Have you examined how much you and your family exercise each week?
I read this last week on Google news
Astonishing: A survey commissioned by The Ramblers found a quarter of people walk for less than nine minutes a day – and that includes time spent getting to the car, to work and to the shops
We all age quicker when we’re not moving and the consequences of that are age-related diseases, such as diabetes, cardiovascular disease and cancer.’
NIH study finds leisure-time physical activity extends life expectancy as much as 4.5 years.
I remember my mother taking regular exercise and spent everyday doing some form of exercise walking to the shops,to see friends and attending her social events as well as gardening, swimming and every Tuesday going to ‘swinging into shape’ (despite my father telling her she should claim her money back after all the years she had attended) an aerobic class, until well into her late eighties despite having arthritis. My father an ex-sailor enjoyed all water activities and actively encouraged us as well as helping with the local naval cadets which included young people who came from less advantageous backgrounds and this certainly kept some of them out of trouble. My grandfather was an amputee and he cycled to work daily on a bicycle and loved swimming.
This was a great example to their three children and we all followed her example by being involved in regular exercise in the same way and I am glad to say that their grandchildren are doing the same sort of exercise today-walking, swimming, gardening with the added yoga and cycling.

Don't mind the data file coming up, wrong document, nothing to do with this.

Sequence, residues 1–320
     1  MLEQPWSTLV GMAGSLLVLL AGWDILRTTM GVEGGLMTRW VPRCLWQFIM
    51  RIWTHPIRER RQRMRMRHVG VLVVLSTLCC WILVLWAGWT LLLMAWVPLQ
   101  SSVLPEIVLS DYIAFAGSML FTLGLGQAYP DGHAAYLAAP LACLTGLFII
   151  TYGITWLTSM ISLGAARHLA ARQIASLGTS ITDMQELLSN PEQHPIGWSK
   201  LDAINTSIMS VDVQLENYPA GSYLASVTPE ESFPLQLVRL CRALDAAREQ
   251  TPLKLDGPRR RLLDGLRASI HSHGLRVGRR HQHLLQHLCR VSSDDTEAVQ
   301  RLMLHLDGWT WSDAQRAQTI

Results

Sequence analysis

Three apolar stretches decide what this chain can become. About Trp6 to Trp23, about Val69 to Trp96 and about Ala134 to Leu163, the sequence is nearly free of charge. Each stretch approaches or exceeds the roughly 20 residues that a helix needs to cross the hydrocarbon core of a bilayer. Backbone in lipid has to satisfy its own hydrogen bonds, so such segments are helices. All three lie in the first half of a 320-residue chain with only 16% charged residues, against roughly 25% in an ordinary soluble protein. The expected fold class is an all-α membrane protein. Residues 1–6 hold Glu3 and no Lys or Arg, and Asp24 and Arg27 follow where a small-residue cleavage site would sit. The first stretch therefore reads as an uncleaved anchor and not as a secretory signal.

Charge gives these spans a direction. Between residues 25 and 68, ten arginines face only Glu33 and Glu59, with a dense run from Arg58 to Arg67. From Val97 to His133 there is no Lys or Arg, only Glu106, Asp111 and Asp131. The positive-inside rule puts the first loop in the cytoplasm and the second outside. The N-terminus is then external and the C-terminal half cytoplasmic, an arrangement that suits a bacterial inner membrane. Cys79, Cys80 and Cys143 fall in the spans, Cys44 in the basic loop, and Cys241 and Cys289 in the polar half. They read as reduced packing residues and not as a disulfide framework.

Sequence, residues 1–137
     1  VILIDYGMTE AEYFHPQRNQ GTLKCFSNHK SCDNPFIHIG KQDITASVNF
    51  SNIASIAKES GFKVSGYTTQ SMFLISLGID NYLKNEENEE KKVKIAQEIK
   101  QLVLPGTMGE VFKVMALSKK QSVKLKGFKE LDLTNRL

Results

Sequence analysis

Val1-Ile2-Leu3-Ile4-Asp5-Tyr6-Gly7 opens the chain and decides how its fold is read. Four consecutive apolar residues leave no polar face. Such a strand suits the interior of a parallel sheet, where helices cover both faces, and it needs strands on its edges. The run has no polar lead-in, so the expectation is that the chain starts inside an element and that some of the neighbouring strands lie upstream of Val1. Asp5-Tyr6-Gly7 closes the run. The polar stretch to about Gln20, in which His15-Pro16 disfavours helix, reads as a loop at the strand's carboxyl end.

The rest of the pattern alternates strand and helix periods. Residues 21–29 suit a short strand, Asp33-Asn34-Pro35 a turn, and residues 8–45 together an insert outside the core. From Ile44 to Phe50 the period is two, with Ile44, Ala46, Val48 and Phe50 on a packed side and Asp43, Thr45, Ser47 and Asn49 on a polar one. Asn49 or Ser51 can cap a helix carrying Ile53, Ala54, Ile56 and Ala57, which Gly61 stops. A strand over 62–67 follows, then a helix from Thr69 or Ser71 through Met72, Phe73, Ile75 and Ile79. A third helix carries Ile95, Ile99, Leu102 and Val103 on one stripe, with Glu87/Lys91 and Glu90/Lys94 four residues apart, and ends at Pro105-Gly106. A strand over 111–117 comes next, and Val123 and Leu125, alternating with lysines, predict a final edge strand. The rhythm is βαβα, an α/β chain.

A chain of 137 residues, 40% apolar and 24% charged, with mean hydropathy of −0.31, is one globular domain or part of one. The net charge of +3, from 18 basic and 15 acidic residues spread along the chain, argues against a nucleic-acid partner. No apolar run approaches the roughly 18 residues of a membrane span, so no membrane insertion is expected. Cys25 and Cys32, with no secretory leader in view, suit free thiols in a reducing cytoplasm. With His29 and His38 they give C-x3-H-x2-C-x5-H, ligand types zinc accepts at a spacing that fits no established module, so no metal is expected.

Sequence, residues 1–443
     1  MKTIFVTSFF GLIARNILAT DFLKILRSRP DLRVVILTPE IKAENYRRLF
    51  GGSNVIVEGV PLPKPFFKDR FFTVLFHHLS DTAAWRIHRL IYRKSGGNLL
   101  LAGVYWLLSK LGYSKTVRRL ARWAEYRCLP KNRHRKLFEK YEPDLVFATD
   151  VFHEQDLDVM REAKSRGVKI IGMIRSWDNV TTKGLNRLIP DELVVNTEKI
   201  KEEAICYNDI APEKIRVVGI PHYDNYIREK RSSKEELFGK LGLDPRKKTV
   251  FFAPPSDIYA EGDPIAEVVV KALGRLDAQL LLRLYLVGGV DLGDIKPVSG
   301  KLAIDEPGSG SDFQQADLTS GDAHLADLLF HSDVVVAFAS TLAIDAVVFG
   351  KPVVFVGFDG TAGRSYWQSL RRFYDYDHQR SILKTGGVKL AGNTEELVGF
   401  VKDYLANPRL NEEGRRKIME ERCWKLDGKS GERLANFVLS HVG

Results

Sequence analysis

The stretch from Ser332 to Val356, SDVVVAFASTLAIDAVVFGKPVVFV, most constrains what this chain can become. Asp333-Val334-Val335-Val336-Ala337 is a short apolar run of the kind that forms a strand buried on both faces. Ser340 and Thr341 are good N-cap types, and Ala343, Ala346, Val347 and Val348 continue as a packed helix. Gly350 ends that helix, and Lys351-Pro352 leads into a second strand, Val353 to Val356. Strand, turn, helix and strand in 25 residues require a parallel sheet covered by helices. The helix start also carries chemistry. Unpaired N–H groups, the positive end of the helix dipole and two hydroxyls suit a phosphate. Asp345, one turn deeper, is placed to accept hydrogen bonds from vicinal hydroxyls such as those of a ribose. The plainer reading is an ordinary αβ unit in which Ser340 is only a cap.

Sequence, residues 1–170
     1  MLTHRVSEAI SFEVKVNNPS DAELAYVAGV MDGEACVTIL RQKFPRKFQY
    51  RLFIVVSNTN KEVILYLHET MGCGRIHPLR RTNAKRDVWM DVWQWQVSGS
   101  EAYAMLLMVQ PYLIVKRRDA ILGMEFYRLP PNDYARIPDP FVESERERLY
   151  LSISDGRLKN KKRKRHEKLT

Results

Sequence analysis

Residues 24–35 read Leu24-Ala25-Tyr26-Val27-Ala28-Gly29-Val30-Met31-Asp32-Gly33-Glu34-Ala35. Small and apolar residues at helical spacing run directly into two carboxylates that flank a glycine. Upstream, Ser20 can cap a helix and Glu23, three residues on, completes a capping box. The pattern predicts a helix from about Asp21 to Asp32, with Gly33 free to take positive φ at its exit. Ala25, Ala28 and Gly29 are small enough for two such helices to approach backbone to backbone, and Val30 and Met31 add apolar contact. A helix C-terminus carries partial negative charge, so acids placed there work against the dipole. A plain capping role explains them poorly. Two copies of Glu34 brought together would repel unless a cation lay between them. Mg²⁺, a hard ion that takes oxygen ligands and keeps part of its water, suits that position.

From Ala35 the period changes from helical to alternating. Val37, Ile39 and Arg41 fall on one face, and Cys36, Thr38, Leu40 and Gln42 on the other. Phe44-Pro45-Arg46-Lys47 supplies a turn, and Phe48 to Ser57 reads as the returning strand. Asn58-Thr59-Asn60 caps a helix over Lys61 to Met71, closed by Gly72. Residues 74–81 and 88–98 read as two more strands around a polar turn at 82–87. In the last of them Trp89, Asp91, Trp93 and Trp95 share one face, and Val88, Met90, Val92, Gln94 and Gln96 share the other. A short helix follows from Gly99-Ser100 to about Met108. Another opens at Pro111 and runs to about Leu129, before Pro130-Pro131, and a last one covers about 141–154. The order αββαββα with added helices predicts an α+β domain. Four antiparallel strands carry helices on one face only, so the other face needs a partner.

I am sure that many other families can say the same and on reflection this is such an important responsibility of a parent to set that example.
The recommended amount of exercise as suggested by the Chief Medical Officer is two-and-a-half hours a week of moderate physical activity each week.
Sadly, researchers suggest that almost half of us and not doing enough and moreover a quarter of us walk for less than nine minutes, or under an average of one hour a week – and that include walking to the car, to work or to the shops.
It is now established that there are probably about an estimated 12 million people in the UK who have hypertension and they are more likely to develop cardiovascular disease. This can be reduced by treating the hypertension and reducing lifestyle risks.
A key lifestyle intervention is increasing physical activity in those who are not active at present.
As healthcare professionals we are recommended to discuss diet and exercise with people with hypertension as both a healthy diet and exercise can reduce blood pressure. We will now be using GPPAQ which is a questionnaire which has been approved as a screening tool in primary care for patients aged 16-75yrs to assess activity level. All patients with less than ‘Active’ score will be offered some support to increase activity and followed up after 6 months.
We will also be actively screening all patients on our list of 40 yrs or over for hypertension and every 5 years. General health checks will also be offered.
Recent research at Edinburgh University suggests sunlight helps reduce blood pressure as UV light release a compound which reduces blood pressure and benefits of sunlight far outweigh the risk of skin cancer. Hence, outdoor activity is even more beneficial!
Patients have shared their ideas and activities with me for me to share with you….
Do you enjoy gardening? Have you explored our London Parks? Do you have a yellow book to visit Gardens open? Or are you a member of the National Trust? Do you know about walks in and around Ealing? A trip to Brighton? Running or cycling clubs? Rowing? Friends of Kew? Dog walking- yours or a friends ?
If you look at the surgery website you find activities in and around Ealing which may be of interest and motivate us to maintain our activity level.
On a final note what can you gain out 30 minutes moderate activity on five or more days of the week is the minimum recommendation provided there are no other contraindications.
7 benefits according to the Mayo Clinic
Exercise controls weight
Exercise combats health conditions and diseases
Exercise improves mood
Exercise boosts energy
Exercise promotes better sleep
Exercise puts the spark back into your sex life
Exercise can be fun
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Written by Dr Jacqueline Bayer